We’re able to infer that because George is swimming, he’s been swimming for at least a bit before Sally saw him. It is an ongoing action.

Notice how these two examples provide context for the ongoing action. If there isn’t context, then it’s almost always an indicator that you should be using the present tense.

Billy is studying.​ ​Doesn’t work as well as Billy studies.​ ​

Additionally, the present (continuous) tense really only works if it is a simple ongoing action.

Sarah is playing softball.

Ok, but is she at bat? In the outfield? Pitching? On base? It’s too vague and the reader must do a lot of work to create a specific picture.

(By the way, this is true of any tense. The more specific the verb, the easier it is to imagine the specific action.​ Billy studies.​ ​​ should be Billy highlights a passage in his book.​)

Another time that you could use the present (continuous) tense is to tie two verbs together as part of one action.

She digs in the soil, scooping out a small hole.

The first verb, “digs” is expanded upon by the second verb “scooping.” Not only does it clarify the digging, but shows that these two actions happen immediately after another.

Returning to a previous example:

Fred looks down over the water. Looks out, tears
streaking his cheeks. Arms suddenly surround his
waist, ​pulling​ him back.

Here, the writer is perhaps attempting to show this as one continuous (hey, that’s the name of the tense!) action. It isn’t ​​ Arms surround his waist. They pull him back. ​ ​​The use of the present (continuous) tense ties them together, and the reader pictures it more as one motion. ​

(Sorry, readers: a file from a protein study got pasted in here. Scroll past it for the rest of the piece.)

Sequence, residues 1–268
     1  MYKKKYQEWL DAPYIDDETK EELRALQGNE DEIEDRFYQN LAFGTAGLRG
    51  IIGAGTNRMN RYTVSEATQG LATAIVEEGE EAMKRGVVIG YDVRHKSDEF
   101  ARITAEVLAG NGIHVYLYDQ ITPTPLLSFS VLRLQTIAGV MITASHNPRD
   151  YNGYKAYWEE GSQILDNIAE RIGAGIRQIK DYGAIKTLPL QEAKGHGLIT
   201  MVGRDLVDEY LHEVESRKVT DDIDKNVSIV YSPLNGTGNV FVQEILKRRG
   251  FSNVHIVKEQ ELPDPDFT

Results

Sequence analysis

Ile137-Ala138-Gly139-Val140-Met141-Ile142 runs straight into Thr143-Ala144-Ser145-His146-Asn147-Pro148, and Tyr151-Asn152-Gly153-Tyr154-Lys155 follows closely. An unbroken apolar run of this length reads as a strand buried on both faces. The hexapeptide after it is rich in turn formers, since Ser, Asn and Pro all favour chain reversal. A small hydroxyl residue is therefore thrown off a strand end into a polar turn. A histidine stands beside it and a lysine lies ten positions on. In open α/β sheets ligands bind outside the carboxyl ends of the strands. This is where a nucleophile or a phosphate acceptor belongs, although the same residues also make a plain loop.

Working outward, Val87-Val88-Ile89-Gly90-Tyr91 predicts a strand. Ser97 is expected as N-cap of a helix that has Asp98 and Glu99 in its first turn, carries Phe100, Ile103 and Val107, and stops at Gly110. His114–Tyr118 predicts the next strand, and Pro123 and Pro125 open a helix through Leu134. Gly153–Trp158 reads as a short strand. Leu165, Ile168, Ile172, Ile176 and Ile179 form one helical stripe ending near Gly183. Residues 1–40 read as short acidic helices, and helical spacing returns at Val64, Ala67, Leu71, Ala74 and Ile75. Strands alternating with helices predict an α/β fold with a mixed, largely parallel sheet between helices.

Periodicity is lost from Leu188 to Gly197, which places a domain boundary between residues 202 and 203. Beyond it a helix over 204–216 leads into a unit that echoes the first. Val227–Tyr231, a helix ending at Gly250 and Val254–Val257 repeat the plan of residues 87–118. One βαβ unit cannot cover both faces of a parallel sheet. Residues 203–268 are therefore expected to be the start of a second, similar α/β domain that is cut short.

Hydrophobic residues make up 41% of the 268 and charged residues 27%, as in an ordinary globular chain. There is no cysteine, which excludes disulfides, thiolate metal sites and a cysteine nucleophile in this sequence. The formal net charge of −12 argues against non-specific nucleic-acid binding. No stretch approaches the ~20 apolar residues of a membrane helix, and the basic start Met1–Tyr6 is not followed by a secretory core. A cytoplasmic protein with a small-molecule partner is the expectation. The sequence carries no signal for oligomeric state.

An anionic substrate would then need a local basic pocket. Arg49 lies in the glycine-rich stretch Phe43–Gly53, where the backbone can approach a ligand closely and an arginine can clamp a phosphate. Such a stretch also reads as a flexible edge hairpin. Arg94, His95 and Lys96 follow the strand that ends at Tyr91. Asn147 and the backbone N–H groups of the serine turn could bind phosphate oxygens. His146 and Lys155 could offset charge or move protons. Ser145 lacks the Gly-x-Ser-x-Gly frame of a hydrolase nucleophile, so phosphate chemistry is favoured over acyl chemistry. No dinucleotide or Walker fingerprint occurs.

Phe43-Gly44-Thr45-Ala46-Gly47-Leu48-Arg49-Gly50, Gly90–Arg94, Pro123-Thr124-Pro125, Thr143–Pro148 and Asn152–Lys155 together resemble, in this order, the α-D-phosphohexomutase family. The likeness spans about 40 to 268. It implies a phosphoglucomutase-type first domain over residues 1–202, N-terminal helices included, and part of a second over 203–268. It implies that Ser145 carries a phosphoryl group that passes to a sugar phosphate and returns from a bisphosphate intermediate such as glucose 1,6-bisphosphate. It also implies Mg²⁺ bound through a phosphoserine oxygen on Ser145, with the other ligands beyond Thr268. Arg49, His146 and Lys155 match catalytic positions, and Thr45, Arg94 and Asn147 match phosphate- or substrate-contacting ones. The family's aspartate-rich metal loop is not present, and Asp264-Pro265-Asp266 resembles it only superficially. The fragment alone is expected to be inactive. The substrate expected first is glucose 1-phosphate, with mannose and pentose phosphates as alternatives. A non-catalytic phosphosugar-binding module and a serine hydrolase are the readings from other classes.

Present (Perfect)

The present perfect tense can come in handy when you want to indicate that something just happened off-screen. It’s almost like we’re seeing the result of the action, and while it won’t work every time, when it does, it can lead to some powerful reveals.

Tom nods to the safe.
Rachel turns, unlocks it, grabs the gold, turns back,
and freezes. Tom’s ​drawn​ his gun. He’s pointing it right
at her head.

​Without contractions, this would be Tom has drawn his gun).​ ​

We don’t actually see Tom draw his gun, because we’re looking at what Rachel is doing. And by the time she turns back his gun is already drawn. And look, I threw a little present (continuous) in there for you!

In most cases, you’re going to be sticking with the present (simple) tense, but there are plenty of reasons to use other verb tenses, so long as they communicate your story clearly.

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The Present Tense, and when NOT to Use it in Screenwriting
David Wappel

David Wappel is a feature writer. Recent work includes the screenplay for Long Gone By, now available on HBO. He was named a Top 25 Screenwriter to Watch in 2020 by the ISA and is the 2019 Stowe Story Labs Fellowship winner. He is an avid Shakespeare and Tolkien fan.

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David Wain

For decades I've been searching for a seamless screenwriting app and and everything has come up way short – until Arc Studio. Writing and collaborating is easier than ever and it gets better every week. Well done!

David Wain
Writer/Director "Role Models"